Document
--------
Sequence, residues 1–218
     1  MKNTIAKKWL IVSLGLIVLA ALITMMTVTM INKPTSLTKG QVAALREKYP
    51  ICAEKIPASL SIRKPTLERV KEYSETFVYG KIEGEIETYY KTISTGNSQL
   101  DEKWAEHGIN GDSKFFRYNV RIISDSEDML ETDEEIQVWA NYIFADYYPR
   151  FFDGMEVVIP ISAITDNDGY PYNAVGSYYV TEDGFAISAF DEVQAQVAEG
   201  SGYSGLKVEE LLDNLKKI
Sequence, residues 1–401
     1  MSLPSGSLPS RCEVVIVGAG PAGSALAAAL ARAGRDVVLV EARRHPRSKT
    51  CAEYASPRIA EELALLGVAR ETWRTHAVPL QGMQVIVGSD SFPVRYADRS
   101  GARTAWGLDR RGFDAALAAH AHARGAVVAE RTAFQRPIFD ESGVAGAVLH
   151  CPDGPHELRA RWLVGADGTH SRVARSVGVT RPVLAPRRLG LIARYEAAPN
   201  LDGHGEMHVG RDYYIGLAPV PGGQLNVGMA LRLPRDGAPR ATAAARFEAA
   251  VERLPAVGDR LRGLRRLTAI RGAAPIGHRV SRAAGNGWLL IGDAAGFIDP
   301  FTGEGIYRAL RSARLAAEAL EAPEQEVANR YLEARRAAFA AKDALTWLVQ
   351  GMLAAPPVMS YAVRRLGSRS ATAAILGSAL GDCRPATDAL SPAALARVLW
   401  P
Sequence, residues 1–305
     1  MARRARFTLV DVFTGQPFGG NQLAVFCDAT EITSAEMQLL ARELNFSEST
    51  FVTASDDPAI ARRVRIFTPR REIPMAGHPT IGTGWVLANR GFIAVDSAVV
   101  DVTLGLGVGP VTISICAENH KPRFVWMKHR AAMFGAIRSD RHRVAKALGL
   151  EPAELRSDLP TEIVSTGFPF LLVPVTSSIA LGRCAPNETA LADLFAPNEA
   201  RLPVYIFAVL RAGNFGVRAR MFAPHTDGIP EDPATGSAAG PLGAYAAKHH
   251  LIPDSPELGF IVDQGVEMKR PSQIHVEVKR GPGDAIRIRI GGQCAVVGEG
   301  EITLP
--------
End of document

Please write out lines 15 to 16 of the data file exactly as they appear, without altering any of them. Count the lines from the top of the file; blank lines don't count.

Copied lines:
   351  GMLAAPPVMS YAVRRLGSRS ATAAILGSAL GDCRPATDAL SPAALARVLW
   401  P